Bringing awareness to mental illnessBottom Highlights, Scene Out Thursday, May 30th, 2013
Social Chaos: Scene Out
We went to Queen Bee’s Art and Cultural Center May 16 to view the exhibit, Through our lens: personal stories of mental illness. The event by Meeting Place Clubhouse featured 28 photographs and artwork from fourteen of its members. Guests enjoyed complimentary tray passed hors d’oeuvres and drinks along with the powerful art that was displayed throughout. There were also several performances on stage to entertain the crowd.
The exhibit coincided with Mental Health Month to bring awareness to the stigma of mental illness. Statistically one out of every four adults in the United States will be affected by a mental illness at some point in their lives. Fundraising shirts were sold that said, “It’s pronounced… [MEN. tl IL . nis] n. NOT [KREY.zee] adj. on the back and had four figures with one colored green and the phrase, “One in four” on the front.
One side of the room displayed the photos of the participants, posed in a way that expressed their feelings in regards to how they’re treated by others. Nate Nicholson wore a mask in his photograph to express how he felt like a monster when his boss called him “crazy” after finding out about his mental illness. These photos were displayed in black and white.
On the other side of the room the photos were of participants smiling, in color and expressed stories of who they are, not how others judge them. In Orlando Chavez’ photograph, he wrote about meeting his friend Matt at the Clubhouse and how their friendship grew. He then stated, “I have schizophrenia and I am a good friend.”
The Meeting Place is a place for adults with a diagnosed mental health disorder to join their peers and make use of their strengths, talents and abilities. For more information go to: themeetingplaceinc.org
The National Comedy Theatre celebrated being the longest continuously running show in the history of San Diego Saturday May 18 with their 3,823rd show. Triple Espresso, who had performed 3,822 performances in 11 years, previously held the title. In honor of this milestone, Chairman Greg Cox and the members of San Diego County Board of Supervisors proclaimed May 18 National Comedy Theatre Day.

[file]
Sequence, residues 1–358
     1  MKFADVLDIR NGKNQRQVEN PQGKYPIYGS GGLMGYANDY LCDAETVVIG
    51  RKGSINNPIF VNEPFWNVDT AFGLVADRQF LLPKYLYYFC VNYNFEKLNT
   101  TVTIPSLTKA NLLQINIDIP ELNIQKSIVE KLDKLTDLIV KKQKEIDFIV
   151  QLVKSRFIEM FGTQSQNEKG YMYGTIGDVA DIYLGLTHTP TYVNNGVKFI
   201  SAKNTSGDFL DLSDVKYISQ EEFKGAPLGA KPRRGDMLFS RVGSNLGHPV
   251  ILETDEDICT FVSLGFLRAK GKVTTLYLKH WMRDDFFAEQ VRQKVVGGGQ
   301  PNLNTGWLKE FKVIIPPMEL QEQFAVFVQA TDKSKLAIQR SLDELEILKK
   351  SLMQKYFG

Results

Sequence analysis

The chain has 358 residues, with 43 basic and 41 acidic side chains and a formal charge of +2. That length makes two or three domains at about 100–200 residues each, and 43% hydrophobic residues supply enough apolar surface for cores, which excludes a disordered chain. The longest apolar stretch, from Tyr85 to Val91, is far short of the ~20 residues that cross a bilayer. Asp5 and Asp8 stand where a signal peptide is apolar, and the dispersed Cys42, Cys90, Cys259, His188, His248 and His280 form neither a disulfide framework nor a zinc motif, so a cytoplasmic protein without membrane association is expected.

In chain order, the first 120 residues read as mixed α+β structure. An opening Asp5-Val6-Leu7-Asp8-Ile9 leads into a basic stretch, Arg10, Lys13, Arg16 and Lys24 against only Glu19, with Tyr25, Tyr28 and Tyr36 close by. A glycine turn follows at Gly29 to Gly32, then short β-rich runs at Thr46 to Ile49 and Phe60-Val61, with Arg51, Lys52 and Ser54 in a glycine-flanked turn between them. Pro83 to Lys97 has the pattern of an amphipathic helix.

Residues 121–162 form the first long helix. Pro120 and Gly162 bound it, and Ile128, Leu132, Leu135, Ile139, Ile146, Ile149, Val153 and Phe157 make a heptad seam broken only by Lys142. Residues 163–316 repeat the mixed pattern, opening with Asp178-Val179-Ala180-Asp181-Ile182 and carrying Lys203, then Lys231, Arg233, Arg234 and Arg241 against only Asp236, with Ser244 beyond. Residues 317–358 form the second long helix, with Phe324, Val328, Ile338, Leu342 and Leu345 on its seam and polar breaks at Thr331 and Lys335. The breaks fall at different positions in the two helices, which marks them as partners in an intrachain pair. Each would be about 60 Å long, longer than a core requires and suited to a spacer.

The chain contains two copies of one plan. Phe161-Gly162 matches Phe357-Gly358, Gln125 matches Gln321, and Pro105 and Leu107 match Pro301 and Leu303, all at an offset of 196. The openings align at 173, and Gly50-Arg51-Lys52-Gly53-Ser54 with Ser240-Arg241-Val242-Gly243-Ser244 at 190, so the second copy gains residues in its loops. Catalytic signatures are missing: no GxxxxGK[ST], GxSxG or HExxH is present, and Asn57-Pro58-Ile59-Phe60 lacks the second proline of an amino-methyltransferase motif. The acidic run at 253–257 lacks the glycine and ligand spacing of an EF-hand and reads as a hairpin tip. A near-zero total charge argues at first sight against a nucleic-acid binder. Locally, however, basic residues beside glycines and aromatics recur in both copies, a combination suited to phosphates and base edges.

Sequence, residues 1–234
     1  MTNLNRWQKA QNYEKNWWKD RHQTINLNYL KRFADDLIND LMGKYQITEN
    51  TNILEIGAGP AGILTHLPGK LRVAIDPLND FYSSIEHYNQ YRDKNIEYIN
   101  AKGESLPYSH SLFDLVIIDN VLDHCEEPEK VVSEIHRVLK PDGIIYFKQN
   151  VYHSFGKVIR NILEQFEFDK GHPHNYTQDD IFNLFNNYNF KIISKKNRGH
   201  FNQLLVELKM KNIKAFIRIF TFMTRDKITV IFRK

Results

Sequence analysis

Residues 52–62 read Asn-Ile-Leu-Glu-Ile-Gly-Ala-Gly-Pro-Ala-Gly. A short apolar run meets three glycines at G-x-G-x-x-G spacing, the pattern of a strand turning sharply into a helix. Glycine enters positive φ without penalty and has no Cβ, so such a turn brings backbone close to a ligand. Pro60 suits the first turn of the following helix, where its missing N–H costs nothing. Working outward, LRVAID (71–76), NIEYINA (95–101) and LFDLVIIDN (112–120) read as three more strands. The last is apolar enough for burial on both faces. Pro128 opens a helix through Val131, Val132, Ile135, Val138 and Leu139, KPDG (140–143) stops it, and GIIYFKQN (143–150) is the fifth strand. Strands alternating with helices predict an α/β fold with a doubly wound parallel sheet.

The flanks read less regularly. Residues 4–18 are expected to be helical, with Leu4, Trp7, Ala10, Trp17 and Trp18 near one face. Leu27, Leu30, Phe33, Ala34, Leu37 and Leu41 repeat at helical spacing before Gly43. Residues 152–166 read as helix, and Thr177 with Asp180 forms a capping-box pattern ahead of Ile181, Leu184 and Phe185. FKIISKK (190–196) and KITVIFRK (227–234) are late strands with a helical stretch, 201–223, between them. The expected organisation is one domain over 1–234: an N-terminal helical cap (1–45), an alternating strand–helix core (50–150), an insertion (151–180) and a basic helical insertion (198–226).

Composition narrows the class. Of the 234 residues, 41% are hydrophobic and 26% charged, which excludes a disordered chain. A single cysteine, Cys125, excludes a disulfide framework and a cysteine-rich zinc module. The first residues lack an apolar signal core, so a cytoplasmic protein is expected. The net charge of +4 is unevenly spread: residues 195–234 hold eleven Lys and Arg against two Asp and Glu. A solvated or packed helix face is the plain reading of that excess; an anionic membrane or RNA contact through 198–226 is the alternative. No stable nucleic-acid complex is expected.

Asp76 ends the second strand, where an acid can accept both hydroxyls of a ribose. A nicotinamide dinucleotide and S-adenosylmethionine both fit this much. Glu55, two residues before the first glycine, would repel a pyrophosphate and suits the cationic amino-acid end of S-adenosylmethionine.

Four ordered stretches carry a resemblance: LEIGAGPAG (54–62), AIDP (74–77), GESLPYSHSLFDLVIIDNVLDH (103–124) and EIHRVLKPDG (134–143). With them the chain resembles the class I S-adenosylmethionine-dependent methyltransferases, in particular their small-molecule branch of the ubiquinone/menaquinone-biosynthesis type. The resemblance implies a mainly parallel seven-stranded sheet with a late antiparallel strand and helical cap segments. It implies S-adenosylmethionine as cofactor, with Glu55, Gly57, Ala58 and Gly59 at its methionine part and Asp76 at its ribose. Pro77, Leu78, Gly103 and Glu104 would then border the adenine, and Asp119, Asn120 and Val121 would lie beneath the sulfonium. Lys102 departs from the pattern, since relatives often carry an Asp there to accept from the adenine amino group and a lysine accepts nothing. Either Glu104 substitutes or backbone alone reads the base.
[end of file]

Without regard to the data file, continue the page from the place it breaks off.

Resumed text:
The style of the show is similar to “Whose line is it anyway.” The audience is engaged throughout the show and is asked to provide topics, songs, events in history and random information that pertains to the “game” that is chosen. The comedians are split into two teams, competing against each other. The results are the most random of topics being acted out, sung or mimed.
That night, one of the games played was called “magic.” The audience was asked for something you were told as a child not to do, a headline about a current celebrity and a saying or phrase you might see on a bumper sticker. They then mixed “Don’t lie,” “Kim Kardashian is pregnant” and “Be Here Now” in a Gregorian chant. After both teams have competed in a segment the audience is then asked to clap and cheer for their favorite crew to determine who the winner is. At the end of each game the team with the most points wins. It’s a great show that can be enjoyed by all ages.
Be sure to arrive early, as street parking can be tough. You’ll definitely have a good laugh but as we experienced, we can’t promise you a Kardashian-free evening. They also offer classes, kids and teen camps and an unrated night on Saturday evenings. For more information about NCT go to nationalcomedy.com.
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